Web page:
Some movies give us monsters that are supernatural. Some hail from outer space or are so huge they just stomp anything in their way. But other movies—including the three we’re celebrating here today—spotlight those small yet vicious critters in our midst that often go unnoticed until just the right thing sets them off.
Directed by Juan Piquer Simón—whose other credits of note are goofy 1990 underwater horror The Rift and 1982 exploitation classic Pieces—this slippery 1988 tale supplies exactly what you’d expect based on its title, as a small town populated mostly by horny yuppies (with a smattering of old coots and teenage troublemakers, and exactly one scientist) is besieged by a plague of aggressive mutant slugs. No ordinary garden pest, these critters are oversized and have developed a taste for human flesh, leaving slime trails of terror everywhere as they converge on their victims. The hero by default is the local health department inspector (Michael Garfield), whose turnaround from “What kind of a slug bites someone?” to “SLUGS! SLUGS! OH GOD IT’S KILLER SLUGS!” happens pretty quickly on a personal level, though like many movies of this sort (including Jaws, the when-animals-attack gold standard) it takes the rest of the community a dangerously long time to get on his level.
The corny dialogue, uneven performances (and dubbing), and ‘80s flair bring unintended amusement from start to finish, the gore effects are sickening, and the slugs are more lovingly photographed than you ever thought possible. Bonus points go to the foley artist who manages to make those magnificent mollusks even more shudder-inducing with a truly unnerving array of squelching sound effects. You can see Slugs’ influence in subsequent movies like James Gunn’s Slither, but there’s no alien element here to explain away the invaders—just good ol’ toxic waste, which somehow makes Slugs even more nightmarish.
Unlike Slugs: The Movie, which narrows its focus to the title creatures, 1972's Frogs allows for all manner of slime-kingdom residents to get in on the fun. A young, pre-mustache, and occasionally shirtless Sam Elliot stars as Pickett Smith, a photographer who literally collides with members of the Crockett family—so wealthy they semi-jokingly refer to themselves as “the ugly rich”—who’ve gathered for a birthday party on their private Florida island. The Crocketts are eccentric but reasonably friendly, and Smith is soon drawn into the drama when the island’s many non-human inhabitants (lots of hulking, relentlessly croaking frogs, but also snakes, lizards, alligators, etc.) start lashing back against the Crocketts’ longstanding “oh, bother” attitude about the pollution being released from their paper mill into the environment.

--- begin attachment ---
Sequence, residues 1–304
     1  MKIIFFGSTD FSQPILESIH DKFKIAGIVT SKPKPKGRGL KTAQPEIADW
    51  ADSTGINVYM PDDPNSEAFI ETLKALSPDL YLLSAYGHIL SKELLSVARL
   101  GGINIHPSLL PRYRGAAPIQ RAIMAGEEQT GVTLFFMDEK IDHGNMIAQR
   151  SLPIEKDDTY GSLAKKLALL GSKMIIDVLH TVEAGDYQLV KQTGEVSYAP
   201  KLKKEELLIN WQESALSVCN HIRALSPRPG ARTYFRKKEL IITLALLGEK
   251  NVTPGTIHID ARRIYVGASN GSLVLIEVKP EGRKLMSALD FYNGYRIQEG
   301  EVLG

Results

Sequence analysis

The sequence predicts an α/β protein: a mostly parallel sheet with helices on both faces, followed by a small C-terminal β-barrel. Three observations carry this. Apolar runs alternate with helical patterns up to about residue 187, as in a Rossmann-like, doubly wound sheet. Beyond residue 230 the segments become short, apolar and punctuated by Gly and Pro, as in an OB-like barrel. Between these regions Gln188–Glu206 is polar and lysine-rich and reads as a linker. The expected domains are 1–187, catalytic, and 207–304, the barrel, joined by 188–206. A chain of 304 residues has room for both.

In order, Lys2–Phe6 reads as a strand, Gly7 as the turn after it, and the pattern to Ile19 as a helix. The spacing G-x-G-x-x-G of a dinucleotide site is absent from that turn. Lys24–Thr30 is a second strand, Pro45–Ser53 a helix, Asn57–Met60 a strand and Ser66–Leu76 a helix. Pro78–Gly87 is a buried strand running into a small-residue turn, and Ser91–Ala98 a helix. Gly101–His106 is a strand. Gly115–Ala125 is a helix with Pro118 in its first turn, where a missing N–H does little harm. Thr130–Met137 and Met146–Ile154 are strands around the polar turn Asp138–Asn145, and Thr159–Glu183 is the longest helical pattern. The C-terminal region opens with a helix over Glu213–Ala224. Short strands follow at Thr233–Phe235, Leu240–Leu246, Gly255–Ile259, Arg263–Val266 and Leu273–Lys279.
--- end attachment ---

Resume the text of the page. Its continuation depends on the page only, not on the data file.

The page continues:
Directed by George McCowan, and featuring an awful lot of shots of animals who are clearly nowhere near any actors (but edited to look like they are), the pleasantly sleazy Frogs really drags you into the muddy, mucky horror of what a full-on swamp-critter rebellion might look like—coordinated giant-spider attacks, sudden leech intrusions, snakes coiled in chandeliers...well, snakes everywhere, really—with some additional interest sprinkled throughout the production. Aging Academy Award winner Ray Milland plays the grumpy Crockett family patriarch, soap star Joan Van Ark plays the Crockett who takes a shine to Smith, and exotica music legend Les Baxter performs the jarring, eerie score.
With an opening crawl that promises “one of the most bizarre freaks of nature ever recorded” and some ridiculous exposition about storm-downed power lines electrifying the “muddy ground” around tiny Fly Creek, Georgia, 1976's Squirm sets expectations sky-high. Written and directed by Jeff Lieberman (who also made 1978 LSD cult horror flick Blue Sunshine), the film brings us to a town where the Southern accents are nearly as thick as the surrounding forest. Everyone’s still recovering from the recent storm when city slicker Mick (Don Scardino) arrives to meet pretty local Geri (Patricia Pearcy) and peruse the local junk shops—but nearly immediately runs afoul of the sheriff and assorted other townsfolk.
As you might imagine, things don’t improve much for fish-out-of-water Mick, though it takes nearly half the movie for Fly Creek’s millions and probably jillions of worms (biting worms) to make their presence truly felt. And that they do: future multiple Oscar winner Rick Baker (An American Werewolf in London, Men in Black) has an early-career credit as the film’s special effects make-up designer, which means flesh-perforating wrigglers galore once things start to heat up. As an added bonus, some of the worms appear to be screaming in their close-ups—though that might just be an encouragement of how the audience should react...it’s not entirely clear, but it sure is creepy.
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